Madgaon Express Review: A Supremely Funny Trip to the Movies

Kunal Kemmu’s directorial debut sparkles with hat-tips to a legion of buddy movies, from The Hangover to Dil Chahta Hai.
Madgaon Express Review: A Supremely Funny Trip to the Movies

Director: Kunal Kemmu

Writer: Kunal Kemmu

Cast: Divyenndu, Pratik Gandhi, Avinash Tiwary, Nora Fatehi, Upendra Limaye, Chhaya Kadam

Duration: 144 mins

Available in: Theatres

You know how some movies leave you with a throbbing headache? Madgaon Express left me with a bellyache – but in the best way possible. The buddy comedy made me laugh so hard for so long that it felt like I was avenging all the years of laughing at unintentionally funny films. It’s been a while. Maybe it says something about the emotionally fraught times we live in. Maybe a dam of pent-up smirks in me burst. Maybe this is what the doctor ordered. But it’s more likely that I’m overthinking this reaction: Maybe Madgaon Express is just very successful at tapping a sense of humour that some of us are too shy to reveal. An “accident prone” signpost accidentally reads “accident porn”. A group of Goan gangsters succumb to a post-lunch susegad, leaving their hostages to escape. A don named Mendoza is addressed as everything but his name: Mandakini, Mangola, Madeline. Like Uday Chopra in the Dhoom films, a needy bachelor imagines a musical life montage with the first pretty girl he sees. A coked-up Gujarati dude goes from docile to daring as if it were his superhero alter-ego. A casual chat collapses into the lyrics of an Aashiqui 2 (2013) hit (“sunn raha hai tu?” – “ro raha hu main”). It’s all so gloriously silly – and undeniably nostalgic.

A still from Madgaon Express
A still from Madgaon Express

‘Abey Tu Hai Kaun?’

Madgaon Express revolves around three friends on that (un)holy pilgrimage for 80s-born desi males: A Goa trip. Their failed attempts after high school and college make the dream burn brighter. So in 2015, as full-blown but unfulfilled adults, they make the better-late-than-never dash – except Goa is nothing like the movies, and yet it’s everything like the movies. Given Madgaon Express comes from Excel Entertainment, it’s easy to describe it as a middle-class spoof of Dil Chahta Hai (2001) and Zindagi Na Milegi Dobara (2011). The inverted hat tips are everywhere, starting with the DCH title track transitioning from a car stereo to a hospital soundscape. Or the fact that the narrator is the ‘loser’ of the trifecta, Dhanush a.k.a Dodo (Divyenndu), who remains tragically stuck in the past. Unlike the other two, he hasn’t been able to move on, and so he’s spent his years photoshopping a fake life on Facebook – including a ‘by-chance pic’ with Farhan Akhtar and then Anurag Kashyap – with a shot of Kashyap’s reaction “abey, tu hai kaun?” (who the hell are you?) in the comments section.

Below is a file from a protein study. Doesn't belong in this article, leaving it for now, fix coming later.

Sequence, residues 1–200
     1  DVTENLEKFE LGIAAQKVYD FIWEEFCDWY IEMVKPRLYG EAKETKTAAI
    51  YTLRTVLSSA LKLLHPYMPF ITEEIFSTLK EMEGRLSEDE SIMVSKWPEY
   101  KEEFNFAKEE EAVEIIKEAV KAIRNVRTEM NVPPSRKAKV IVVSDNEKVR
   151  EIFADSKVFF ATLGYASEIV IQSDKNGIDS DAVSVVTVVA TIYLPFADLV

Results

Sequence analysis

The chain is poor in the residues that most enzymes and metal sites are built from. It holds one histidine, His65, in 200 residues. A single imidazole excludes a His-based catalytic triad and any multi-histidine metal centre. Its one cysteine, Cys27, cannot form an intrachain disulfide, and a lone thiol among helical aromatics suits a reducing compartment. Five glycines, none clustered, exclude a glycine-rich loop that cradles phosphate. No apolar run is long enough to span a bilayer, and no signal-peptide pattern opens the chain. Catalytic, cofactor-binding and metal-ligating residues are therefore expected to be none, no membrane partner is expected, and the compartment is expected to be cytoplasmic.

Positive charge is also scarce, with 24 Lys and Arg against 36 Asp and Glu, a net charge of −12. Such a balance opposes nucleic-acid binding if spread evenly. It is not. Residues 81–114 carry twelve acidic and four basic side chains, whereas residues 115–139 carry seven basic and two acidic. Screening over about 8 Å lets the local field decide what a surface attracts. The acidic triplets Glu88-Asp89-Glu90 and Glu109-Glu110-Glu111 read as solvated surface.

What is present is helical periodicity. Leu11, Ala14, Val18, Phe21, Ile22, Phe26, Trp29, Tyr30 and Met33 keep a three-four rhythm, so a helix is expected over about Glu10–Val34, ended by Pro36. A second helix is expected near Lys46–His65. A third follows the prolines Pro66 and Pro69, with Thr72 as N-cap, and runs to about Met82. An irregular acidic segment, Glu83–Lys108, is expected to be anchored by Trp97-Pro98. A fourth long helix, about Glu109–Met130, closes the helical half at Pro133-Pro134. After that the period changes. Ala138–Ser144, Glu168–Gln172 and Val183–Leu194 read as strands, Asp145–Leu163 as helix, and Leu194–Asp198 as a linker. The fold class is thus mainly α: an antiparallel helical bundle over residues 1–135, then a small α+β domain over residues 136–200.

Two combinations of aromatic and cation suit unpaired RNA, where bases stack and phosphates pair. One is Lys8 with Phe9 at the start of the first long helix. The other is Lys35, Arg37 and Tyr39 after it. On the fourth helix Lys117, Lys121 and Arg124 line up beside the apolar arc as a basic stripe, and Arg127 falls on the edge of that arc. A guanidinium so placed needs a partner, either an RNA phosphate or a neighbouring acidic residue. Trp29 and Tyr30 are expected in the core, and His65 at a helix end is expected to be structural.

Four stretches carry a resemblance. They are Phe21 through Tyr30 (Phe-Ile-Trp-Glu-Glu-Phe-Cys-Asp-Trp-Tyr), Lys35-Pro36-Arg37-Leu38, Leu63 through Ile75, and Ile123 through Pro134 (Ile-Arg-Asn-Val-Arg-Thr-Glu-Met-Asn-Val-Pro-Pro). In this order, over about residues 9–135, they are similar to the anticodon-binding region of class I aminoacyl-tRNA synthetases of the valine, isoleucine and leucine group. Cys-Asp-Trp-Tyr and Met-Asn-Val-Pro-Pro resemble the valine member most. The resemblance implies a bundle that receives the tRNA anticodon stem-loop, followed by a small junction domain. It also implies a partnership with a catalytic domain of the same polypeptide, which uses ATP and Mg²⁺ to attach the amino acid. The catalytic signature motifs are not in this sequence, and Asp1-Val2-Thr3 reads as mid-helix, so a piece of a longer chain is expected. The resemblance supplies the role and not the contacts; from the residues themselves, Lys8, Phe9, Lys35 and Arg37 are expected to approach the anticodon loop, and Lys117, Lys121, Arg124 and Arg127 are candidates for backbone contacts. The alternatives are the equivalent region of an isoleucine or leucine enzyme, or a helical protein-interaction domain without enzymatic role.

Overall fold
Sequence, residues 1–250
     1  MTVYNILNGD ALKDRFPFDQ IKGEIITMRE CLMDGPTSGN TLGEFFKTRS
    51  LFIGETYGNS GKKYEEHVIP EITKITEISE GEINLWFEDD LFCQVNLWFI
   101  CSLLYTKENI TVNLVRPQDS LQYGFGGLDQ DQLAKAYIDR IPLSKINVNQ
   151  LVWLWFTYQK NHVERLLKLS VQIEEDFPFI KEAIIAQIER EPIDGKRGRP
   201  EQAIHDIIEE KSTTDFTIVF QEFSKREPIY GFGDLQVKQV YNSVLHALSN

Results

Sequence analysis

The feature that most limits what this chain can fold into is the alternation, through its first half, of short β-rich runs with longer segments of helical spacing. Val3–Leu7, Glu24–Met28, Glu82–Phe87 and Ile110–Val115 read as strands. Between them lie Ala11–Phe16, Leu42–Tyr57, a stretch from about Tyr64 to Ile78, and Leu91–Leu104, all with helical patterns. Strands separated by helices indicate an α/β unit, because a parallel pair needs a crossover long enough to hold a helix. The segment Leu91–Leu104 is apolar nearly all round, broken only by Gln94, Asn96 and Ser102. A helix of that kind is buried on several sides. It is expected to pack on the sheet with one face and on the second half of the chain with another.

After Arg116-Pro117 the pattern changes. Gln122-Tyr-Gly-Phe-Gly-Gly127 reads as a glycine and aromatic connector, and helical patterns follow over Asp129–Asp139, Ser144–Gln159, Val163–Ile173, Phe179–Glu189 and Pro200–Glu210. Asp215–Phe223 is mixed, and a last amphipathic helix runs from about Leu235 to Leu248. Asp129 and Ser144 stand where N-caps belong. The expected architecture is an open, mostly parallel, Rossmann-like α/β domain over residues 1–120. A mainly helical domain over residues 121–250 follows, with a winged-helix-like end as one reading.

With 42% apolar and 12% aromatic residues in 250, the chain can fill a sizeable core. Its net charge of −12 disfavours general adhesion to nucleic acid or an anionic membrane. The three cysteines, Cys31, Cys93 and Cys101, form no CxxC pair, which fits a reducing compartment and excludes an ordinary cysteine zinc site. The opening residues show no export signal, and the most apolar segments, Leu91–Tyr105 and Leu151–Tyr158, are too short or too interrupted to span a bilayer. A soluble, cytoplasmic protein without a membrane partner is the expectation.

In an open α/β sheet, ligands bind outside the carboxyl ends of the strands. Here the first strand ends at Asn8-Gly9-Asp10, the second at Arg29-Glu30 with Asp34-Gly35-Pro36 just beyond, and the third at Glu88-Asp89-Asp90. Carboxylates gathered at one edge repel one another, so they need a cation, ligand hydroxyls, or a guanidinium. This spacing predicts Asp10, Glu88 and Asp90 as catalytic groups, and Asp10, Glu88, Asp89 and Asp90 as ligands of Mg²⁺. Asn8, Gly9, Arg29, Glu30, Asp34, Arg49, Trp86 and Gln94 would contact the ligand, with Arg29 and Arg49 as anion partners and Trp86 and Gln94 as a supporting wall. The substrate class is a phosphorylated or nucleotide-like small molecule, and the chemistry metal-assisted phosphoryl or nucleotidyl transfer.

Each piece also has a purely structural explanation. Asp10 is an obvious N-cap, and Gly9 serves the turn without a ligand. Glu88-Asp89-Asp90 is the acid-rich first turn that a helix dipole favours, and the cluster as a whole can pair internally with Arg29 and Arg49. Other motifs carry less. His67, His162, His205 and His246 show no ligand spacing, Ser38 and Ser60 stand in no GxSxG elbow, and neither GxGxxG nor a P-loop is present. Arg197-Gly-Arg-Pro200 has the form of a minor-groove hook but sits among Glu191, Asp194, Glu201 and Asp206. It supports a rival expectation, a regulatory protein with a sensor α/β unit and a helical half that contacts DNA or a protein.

To hide his jobless living-with-dad reality, Dodo fools the New York-based Ayush (Avinash Tiwary) and Cape Town-based Pratik (Pratik Gandhi) into doing Goa “the way we would’ve done it as college kids – penniless and free-spirited”. This includes a non-AC unreserved ride on a train called Madgaon Express, which is where Pratik mistakenly lands up with a shady drug dealer’s bag full of cash and guns – and the chaos begins. When they reach Goa, they get fleeced by the notorious airport cabs, and they soon sit at a beach shack in the heat and wonder: Where’s the fun? Growing up on an aspirational game-changer like Dil Chahta Hai can be disorienting. The irony being: Only an ecstasy-like pill puts them in euphoric song-and-dance mode.